Reports by the experts’ panel, came in handy for the Tamil Nadu government to give its approval for the Kudankulam nuclear power project downstate, it is learnt. The expert groups of both the central and state governments observed the proposed 2,000-Mw endeavour met current safety standards.
Besides, officials say, rising power deficit also forced the J Jayalalithaa government to rethink its policy on Kudankulam. Tamil Nadu is reeling under power shortfall, recently prompting its government to seek the Centre’s intervention to overcome the crisis.
As far the burgeoning power deficit, the demand for power in Tamil Nadu is 11,500-12,500 Mw, while the supply is only 8,500 Mw. That is a deficit of 3000-4000 Mw. Further, the state electricity board has been reeling under a debt of Rs 50,000 crore.
|* A 15-member expert panel appointed by the central government in early February in its report had certified that the Russian reactors, VVER 1000, in the Kudankulam project are safe
|* The panel observed that the project complies with all safety regulations
|* The panel has also conclusively addressed all safety related issues to allay the fears in the mind of local people living around the project
Presumably, Tuesday’s Cabinet decision to give a nod to the project came as a major relief for the state’s electricity board (TNEB). The cash-strapped entity has now decided to focus on the enhancement of power generation, and chart out a comprehensive planning to upgrade the grid network and electricity distribution in order to meet an eight to 10 per cent rise in the annual demand for power.
Earlier, a Centre-constituted 15-member expert panel had last month given a report, certifying that the Russian reactors VVER 1000 in the project were safe. The body also observed the project complied with all safety regulations. The report said the project had “conclusively addressed all safety-related issues” to allay the fears in the mind of the people in the vicinity.
The panel said the project’s safety features included a passive heat removal system to provide cooling for removal of decay heat, besides higher redundancy for safety systems, double containment and larger numbers of control rods. Also, the project site is located far off from the tsunamigenic fault (where tsunamis originate). Therefore, even a tsunami would take time and lose some of its energy in case it strikes Kudankulam site.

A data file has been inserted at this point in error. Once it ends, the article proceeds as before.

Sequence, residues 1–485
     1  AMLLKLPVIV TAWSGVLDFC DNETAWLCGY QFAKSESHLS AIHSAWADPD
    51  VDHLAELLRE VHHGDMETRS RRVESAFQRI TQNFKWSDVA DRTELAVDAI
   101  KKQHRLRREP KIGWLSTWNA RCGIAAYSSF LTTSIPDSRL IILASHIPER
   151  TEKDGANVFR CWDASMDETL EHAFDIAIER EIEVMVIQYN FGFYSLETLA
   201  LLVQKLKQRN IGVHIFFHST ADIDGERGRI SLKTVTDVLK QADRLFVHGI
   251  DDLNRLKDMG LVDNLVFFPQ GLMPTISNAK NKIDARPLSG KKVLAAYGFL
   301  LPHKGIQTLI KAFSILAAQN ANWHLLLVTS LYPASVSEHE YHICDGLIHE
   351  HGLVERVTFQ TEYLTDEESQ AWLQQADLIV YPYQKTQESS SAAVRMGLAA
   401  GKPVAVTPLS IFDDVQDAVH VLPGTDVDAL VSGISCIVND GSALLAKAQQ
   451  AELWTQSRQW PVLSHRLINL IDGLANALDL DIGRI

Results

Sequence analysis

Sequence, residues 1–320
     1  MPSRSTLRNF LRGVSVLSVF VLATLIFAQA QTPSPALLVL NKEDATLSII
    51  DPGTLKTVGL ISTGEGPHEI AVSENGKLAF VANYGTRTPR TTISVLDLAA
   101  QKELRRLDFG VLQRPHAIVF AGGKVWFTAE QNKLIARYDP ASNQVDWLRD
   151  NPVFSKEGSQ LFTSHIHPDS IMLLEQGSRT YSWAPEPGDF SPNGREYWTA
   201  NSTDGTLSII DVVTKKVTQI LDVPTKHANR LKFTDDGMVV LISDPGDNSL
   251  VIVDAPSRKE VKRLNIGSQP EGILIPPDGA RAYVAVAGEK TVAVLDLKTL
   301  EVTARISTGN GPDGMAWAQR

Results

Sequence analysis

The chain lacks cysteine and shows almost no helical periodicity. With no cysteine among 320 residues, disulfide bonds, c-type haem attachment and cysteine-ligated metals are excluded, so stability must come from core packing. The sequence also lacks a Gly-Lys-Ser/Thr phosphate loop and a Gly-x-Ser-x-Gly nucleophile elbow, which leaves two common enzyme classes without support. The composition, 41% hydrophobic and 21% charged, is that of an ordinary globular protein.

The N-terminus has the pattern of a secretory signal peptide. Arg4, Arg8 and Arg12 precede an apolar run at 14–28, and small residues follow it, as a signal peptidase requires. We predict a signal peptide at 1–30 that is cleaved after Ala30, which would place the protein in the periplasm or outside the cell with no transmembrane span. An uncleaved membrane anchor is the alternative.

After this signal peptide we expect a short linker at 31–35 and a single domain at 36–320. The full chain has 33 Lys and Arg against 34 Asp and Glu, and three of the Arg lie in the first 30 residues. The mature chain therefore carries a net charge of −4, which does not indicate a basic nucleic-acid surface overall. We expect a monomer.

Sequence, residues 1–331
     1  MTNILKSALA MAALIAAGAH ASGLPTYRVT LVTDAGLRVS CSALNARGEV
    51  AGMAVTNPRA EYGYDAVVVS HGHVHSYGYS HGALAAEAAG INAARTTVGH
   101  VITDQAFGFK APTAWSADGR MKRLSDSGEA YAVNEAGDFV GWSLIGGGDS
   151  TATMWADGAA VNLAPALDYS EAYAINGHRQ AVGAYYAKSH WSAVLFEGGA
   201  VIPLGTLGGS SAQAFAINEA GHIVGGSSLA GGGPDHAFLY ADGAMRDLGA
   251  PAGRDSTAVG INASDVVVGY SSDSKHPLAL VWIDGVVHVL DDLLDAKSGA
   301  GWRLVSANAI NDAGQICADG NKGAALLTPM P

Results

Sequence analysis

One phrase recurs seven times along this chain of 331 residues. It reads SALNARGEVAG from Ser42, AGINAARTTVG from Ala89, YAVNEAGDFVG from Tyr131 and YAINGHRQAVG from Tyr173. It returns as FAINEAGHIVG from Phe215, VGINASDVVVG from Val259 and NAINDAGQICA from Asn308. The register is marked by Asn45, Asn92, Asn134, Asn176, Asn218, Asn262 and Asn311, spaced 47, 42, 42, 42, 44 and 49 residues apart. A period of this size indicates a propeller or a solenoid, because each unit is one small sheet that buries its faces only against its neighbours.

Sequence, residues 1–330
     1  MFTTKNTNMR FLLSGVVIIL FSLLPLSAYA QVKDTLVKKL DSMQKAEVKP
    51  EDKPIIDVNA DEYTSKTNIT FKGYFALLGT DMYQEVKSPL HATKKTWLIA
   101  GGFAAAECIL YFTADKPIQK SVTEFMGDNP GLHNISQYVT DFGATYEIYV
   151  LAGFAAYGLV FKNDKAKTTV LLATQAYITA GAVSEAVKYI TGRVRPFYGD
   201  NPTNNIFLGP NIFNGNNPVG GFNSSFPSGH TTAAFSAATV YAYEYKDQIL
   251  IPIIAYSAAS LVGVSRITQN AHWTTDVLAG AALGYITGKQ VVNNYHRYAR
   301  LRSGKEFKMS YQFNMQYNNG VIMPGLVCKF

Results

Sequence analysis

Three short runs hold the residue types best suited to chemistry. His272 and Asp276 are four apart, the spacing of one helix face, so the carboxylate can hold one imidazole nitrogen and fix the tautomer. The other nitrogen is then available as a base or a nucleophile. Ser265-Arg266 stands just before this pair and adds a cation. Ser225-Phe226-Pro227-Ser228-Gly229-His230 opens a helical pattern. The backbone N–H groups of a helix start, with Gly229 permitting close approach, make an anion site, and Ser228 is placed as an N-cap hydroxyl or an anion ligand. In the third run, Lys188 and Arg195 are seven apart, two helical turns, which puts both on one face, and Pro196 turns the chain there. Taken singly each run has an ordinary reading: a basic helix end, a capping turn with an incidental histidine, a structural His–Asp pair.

Moreover, a four-member expert group appointed by the Tamil Nadu government in its report said the state-of-the-art safety features incorporated in the reactor had made it a ‘third generation plus' reactor. The panel also noted that the plant was equipped to deal with any situation such as earthquakes and tsunami strikes and its third generation reactors would shut down automatically in case of any problem.
Atomic Energy Commission’s former chairman M R Srinivasan, who headed the state experts group, said the body had held discussions with the state government, visited the plant site, spoken to the villagers and representatives of agitators and made all attempts to allay fears so as to remove doubts about nuclear energy and the project in particular. It submitted the report to the state government on February 28. Also, the 15-member expert panel appointed by the central government carried out an extensive exercise, especially by replying to the questions raised by the protesters, he told Business Standard.
According to Srinivasan, the state cabinet has given its clearance for the project after taking stock of the present power situation in Tamil Nadu and the findings of two reports.
Scientist Sudhinder Thakur, a fellow at the Nuclear Power Corporation, described as “positive” the Tamil Nadu government’s decision giving its go-ahead. “It is a great opportunity for the NPC to learn to do business in the new environment where the awareness of issues involving safety is increasing among people,” he told this newspaper.
“The project has incroporated additional safety measures which have been even vetted by experts groups,” he added.